IS MY CHILD NON VERBAL?
An issue that greatly concerns parents is that their child may be non-verbal, when they notice that their child’s use of intelligible speech is minimal or significantly lesser than other children of that age. This does not mean that all hope is lost, because studies have shown that development of speech is possible as long as the child has been exposed to audible speech, whatever language it may be, during the critical period* of their development.
(*critical period in developmental psychology refers to the most important period during one’s development in which a particular skill is most readily acquired. )
As we are aware, communication is one of the most prominent developmental milestones for a child. Communication through words is also one of the most useful skills to possess, because it will greatly help them with almost everything, from expressing themselves, socialising with friends to occupational purposes down the road.
In today’s article, we will talk about spontaneous vocalisations in a child and how that could give a clue on whether he or she can be verbal. Take notice when your child makes unprompted, expressive sounds at random while playing. These do not have to be functional speech or even complete words that exist, but the sounds that they make may give us an insight on their potential to be verbal.
When the child is not able to speak or communicate what he/she wants, this will lead to a lot of frustration for themselves. There will also be frustration for the carers, when they want to help the child but have no clue what they need when they cannot express themselves. Most of the time, children who are not yet verbal will use gestures such as tugging your arm or bringing you to whatever they want. What happens then, if you give it to them but it’s not what they want?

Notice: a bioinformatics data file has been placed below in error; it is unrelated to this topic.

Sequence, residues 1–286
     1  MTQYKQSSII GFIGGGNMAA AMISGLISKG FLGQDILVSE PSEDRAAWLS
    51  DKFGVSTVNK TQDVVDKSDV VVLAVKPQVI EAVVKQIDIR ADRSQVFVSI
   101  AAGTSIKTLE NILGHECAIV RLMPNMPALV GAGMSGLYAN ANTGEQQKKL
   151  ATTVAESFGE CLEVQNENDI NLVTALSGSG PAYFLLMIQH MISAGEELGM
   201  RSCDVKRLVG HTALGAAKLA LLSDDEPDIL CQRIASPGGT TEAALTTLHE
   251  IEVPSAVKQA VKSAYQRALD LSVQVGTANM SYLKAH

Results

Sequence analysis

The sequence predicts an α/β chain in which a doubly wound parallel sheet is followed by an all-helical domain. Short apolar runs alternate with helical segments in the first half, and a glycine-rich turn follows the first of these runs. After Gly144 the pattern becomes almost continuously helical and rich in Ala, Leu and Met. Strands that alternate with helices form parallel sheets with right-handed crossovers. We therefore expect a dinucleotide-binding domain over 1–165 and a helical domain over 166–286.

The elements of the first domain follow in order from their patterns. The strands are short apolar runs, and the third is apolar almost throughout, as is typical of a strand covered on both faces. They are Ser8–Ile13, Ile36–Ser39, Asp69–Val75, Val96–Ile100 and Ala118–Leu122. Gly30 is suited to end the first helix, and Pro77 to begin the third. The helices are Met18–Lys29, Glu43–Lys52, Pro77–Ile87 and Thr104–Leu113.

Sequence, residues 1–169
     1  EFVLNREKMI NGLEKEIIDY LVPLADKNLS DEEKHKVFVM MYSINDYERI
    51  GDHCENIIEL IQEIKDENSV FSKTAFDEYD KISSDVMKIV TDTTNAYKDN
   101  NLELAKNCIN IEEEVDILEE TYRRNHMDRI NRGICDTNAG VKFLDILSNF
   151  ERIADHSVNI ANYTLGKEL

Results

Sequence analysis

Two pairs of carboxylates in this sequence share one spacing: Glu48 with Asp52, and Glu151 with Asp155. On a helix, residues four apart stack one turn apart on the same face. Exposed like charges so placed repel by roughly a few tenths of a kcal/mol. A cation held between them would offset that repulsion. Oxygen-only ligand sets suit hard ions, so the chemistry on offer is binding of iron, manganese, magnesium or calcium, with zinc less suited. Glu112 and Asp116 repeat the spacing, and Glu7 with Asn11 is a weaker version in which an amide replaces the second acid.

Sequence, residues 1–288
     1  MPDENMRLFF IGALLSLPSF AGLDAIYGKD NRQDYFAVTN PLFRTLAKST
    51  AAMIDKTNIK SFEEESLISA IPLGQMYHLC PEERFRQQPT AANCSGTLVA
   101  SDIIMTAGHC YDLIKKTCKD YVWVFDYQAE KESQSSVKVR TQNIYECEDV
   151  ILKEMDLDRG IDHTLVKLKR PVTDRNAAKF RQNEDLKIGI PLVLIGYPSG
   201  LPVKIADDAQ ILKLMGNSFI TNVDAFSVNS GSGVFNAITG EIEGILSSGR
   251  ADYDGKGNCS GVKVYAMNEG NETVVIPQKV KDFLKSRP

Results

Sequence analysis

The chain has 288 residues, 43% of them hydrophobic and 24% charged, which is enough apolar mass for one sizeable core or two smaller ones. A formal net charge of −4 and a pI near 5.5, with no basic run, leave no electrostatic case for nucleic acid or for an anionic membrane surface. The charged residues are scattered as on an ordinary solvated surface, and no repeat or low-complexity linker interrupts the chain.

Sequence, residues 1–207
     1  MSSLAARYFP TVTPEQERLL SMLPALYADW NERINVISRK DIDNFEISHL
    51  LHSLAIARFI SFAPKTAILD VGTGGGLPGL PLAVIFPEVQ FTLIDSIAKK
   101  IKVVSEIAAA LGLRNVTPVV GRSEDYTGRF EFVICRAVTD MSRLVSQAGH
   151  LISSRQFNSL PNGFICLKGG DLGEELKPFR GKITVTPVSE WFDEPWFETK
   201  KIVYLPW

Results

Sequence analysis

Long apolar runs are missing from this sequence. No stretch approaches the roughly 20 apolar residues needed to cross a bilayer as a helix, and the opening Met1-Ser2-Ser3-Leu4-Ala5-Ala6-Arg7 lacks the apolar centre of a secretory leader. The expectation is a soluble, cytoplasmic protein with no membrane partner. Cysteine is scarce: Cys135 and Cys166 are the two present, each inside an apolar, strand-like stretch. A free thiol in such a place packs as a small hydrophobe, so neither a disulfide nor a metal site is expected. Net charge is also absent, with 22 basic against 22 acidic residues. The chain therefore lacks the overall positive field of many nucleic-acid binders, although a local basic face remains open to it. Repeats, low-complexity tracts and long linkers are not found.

Another example of spontaneous vocalisation is when a child listens to a TV program and repeats a word that stands out or seems interesting to them, but may not necessarily know it’s meaning or use it appropriately/ functionally.
He or she could overhear a conversation or something that you frequently say, and parrot you. Even if they may not be using it at the appropriate situation, this is actually a good sign! From that, we can tell that the child actually has the potential to speak, and has enough curiosity to imitate or echo word that sounds “catchy” to them.
An even better clue to tell you if your child has the potential to be verbal is whether they sing along to nursery rhymes. This might give you an idea because you can tell from the clarity of their speech, and notice whether their lack of speech is due to any oral muscular difficulty or hearing difficulties that may hinder them from picking up language. Hearing difficulties, on the other hand, can be noted by the child’s reaction or sensitivity to sounds.
If they are able to sing or hum nursery songs, we know that they have no issues with hearing and have the capacity to pronounce whichever words; hence, these children are only not using speech because they just haven’t had the chance to realise the utility or the power of words.
It’s always good to set achievable goals, for instance, if the child can only manage simple sounds, getting him to say “ah” or “oh” might already be a great accomplishment for them. Remember that every child learns at their own pace, and we can be there to support them and encourage and expose them to useful feedback, but definitely not to pressure them into doing something that is too big a leap or beyond manageable.
Lastly, when communicating with your child, remember to keep your sentences simple and concise. Be quick to give positive feedback to your child the moment he utters an appropriate word! That way, he would easily learn when he’s doing something right. With that, ABA-VB (verbal behaviour) therapy comes in very effectively since it is focused on helping a child becoming verbal. We set baby steps to pave the way for the child, with cues to help them speak. Then, when they are ready, we fade these cues away so they can eventually learn to speak. We do our best to help them to realise their fullest potential, and the earlier you do so, the better it will be for them.
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